CHHS students among 80 rising seniors to attend Alabama Governor’s School
Published 2:49 pm Monday, July 6, 2015
By EMILY SPARACINO / Staff Writer
CHELSEA – Two Chelsea High School students were immersed in the college life as they attended the Alabama Governor’s School at Samford University last month.
Elizabeth Hurley, 17, and Christian Fauer, 17, were among more than 80 rising high school seniors in Alabama who took part in academic classes, community service projects and recreational activities during the annual two-week summer residential honors program June 14-26 on Samford’s campus.
Hurley, Fauer and fellow AGS participants each took one morning and one afternoon seminar in different disciplines based on their academic interests.
According to the AGS website, the seminars were taught by leading academic, business and community experts in their fields. The program encompasses classes, seminars, workshops, self-directed studies and projects in subject areas such as natural sciences, humanities, social sciences and fine and performing arts.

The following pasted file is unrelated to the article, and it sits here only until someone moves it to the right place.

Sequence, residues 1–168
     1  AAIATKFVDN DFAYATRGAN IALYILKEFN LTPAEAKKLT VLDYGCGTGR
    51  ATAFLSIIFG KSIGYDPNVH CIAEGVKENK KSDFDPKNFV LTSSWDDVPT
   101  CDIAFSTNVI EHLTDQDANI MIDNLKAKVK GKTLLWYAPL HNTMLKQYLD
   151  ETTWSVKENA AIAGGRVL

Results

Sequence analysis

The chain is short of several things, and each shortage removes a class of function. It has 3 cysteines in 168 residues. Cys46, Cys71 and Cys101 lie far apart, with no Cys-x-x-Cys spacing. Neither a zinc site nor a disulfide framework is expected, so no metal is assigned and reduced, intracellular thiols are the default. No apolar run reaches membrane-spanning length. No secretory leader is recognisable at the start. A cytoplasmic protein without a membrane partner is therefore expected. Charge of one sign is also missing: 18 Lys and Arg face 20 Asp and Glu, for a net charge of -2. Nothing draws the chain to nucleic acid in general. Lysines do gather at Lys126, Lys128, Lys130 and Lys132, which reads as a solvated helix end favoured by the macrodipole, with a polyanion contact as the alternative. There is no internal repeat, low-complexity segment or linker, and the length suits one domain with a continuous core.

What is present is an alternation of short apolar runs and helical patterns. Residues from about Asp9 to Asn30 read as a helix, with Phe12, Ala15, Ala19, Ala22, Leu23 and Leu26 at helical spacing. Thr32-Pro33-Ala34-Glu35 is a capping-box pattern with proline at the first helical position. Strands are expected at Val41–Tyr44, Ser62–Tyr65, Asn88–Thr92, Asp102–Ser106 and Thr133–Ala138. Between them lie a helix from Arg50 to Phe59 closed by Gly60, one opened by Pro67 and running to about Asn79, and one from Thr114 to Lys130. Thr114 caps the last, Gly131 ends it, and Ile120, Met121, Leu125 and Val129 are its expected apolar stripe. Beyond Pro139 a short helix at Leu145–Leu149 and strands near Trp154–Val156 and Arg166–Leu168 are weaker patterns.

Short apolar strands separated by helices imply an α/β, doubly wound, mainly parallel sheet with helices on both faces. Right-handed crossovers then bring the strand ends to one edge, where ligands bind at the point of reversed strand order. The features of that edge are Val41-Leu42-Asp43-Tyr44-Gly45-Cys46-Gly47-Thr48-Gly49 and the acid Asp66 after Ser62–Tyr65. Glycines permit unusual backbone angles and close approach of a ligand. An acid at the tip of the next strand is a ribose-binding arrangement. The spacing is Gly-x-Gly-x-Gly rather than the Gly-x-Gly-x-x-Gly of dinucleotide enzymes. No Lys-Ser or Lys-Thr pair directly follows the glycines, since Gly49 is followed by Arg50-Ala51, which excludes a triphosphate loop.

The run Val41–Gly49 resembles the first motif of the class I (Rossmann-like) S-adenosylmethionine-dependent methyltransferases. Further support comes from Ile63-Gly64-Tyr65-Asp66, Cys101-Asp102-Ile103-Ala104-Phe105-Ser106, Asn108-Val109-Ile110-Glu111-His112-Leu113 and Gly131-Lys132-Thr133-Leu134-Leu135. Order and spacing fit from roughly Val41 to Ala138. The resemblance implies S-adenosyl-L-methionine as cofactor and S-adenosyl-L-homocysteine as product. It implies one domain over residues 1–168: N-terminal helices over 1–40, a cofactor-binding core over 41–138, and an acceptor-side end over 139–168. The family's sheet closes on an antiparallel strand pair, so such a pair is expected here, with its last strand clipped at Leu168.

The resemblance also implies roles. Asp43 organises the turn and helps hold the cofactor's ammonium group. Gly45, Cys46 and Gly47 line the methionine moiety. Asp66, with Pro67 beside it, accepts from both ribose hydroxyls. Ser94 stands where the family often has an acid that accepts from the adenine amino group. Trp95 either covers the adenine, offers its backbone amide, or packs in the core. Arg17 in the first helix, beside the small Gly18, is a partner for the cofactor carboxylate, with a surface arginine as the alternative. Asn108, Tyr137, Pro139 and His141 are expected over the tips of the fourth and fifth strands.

“We got to pick which classes we wanted,” Hurley said. “A lot of the instructors seem to enjoy doing it.”
Hurley said she chose legal class for the morning session and global citizenship for the afternoon session.
Fauer took physics in the morning and astronomy in the afternoon.
“Basically, it was a two-week college experience,” Hurley said. “We got to sit in on federal court proceedings. We really got to see, real-world, what’s happening.”
Fauer said AGS helped him feel more comfortable with going to college and introduced him to “a view of what other towns can be like.”
“I’ve lived in Chelsea my whole life,” Fauer said. “People are different in other places, really. After Governor’s School, I’m excited for college.”
Hurley said the participants had a service project in Woodlawn, along with outings to a bowling alley and a Birmingham Barons baseball game.
Hurley and Fauer applied and were approved for this year’s AGS program through their school.
Both students said they would encourage other rising seniors to apply for the program.
“I think if more people knew about it, they would be fighting over it,” Fauer said.